Pregnancy was more common in girls of color than in Caucasian girls (OR 99% and CI, 2.09, 1.06-4.11) and in older girls than in younger girls (1.52, 1.12-2.08). Among SA girls, weapon carrying in the past 30 days (4.06, 1.75-9.42) was significantly associated with pregnancy, whereas alcohol use in the past 30 days (0.37, 0.18-0.76) was less likely to be associated with pregnancy. The risk of pregnancy increased 1.75 times (1.26-2.43) for each additional sexual partner. Girls who had tried cocaine were 4.88 times (1.40-16.95) more likely to have been pregnant, and the risk of having been pregnant increased 1.43 times (1.14-1.80) for each additional year of SA. Past history of sexually transmitted disease (3.50, 1.28-9.55) was associated with increased pregnancy risk.

CONCLUSIONS

Girls who had been pregnant also had engaged in other risk behaviors, including recent weapon carrying and cocaine use. A history of previous sexually transmitted diseases plus increasing numbers of partners add to the risk of pregnancy. Counseling and educational efforts should continue to identify teens at risk both to prevent pregnancy and to decrease associated risks.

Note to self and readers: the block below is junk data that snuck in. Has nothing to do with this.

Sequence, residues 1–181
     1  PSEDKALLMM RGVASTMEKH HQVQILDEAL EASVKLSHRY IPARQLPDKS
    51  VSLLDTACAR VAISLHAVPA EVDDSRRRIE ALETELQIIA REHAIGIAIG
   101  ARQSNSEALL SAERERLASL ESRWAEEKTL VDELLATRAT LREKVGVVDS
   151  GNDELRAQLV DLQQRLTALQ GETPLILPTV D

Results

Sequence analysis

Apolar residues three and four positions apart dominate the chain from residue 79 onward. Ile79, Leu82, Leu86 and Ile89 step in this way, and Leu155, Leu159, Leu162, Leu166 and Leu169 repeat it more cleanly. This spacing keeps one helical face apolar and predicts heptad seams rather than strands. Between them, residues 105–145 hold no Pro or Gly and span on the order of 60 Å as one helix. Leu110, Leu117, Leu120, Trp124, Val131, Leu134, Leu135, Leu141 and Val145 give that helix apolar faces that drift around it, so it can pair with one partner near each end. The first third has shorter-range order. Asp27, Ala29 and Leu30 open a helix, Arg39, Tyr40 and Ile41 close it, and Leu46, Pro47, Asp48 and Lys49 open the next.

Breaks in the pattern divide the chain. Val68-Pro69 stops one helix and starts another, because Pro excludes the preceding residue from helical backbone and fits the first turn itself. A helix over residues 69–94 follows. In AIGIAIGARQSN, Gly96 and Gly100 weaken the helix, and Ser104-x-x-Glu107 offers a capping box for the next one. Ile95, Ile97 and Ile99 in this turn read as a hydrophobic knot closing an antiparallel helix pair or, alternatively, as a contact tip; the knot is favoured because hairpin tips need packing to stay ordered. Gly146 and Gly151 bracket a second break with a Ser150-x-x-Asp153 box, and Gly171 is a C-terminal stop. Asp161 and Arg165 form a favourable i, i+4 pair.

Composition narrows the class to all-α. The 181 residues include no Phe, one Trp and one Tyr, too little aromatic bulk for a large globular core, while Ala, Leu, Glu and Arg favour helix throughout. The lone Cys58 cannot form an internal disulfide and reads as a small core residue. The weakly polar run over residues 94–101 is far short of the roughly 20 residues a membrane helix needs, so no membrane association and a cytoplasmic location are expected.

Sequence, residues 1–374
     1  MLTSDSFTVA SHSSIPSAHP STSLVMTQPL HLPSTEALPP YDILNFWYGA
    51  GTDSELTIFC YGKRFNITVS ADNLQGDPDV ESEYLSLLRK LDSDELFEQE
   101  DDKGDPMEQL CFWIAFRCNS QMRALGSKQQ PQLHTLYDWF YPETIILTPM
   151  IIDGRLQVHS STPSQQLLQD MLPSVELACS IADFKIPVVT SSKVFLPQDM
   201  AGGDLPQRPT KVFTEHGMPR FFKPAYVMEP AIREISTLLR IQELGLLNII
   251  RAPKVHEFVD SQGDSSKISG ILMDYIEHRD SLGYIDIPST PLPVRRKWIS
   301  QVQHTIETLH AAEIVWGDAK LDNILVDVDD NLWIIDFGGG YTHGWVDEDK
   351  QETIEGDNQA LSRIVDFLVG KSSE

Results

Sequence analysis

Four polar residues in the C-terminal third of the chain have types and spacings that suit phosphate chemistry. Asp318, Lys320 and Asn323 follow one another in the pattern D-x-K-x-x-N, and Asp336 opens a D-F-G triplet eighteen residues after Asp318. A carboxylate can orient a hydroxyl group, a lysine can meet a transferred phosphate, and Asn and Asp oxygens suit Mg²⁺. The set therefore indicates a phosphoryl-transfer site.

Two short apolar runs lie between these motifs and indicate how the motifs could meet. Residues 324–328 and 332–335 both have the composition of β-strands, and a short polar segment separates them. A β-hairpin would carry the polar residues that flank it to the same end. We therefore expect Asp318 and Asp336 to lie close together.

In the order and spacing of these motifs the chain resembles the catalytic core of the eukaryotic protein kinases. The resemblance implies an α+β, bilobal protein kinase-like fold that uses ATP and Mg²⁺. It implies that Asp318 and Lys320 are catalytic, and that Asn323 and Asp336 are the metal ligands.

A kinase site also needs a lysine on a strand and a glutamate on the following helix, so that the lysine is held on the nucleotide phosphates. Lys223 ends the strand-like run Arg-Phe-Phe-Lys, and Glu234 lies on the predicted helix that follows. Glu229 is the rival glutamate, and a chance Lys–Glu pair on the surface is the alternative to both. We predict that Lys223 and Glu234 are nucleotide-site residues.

Authors+Show Affiliations

Department of Pediatrics and Adolescent Medicine, Cleveland Clinic Foundation, Ohio 44195, USA.No affiliation info availableNo affiliation info available

Pub Type(s)

Journal Article
Research Support, U.S. Gov't, P.H.S.

Language

eng

PubMed ID

9436067

Citation

Rome, E S., et al. "Pregnancy and Other Risk Behaviors Among Adolescent Girls in Ohio." The Journal of Adolescent Health : Official Publication of the Society for Adolescent Medicine, vol. 22, no. 1, 1998, pp. 50-5.
Rome ES, Rybicki LA, Durant RH. Pregnancy and other risk behaviors among adolescent girls in Ohio. J Adolesc Health. 1998;22(1):50-5.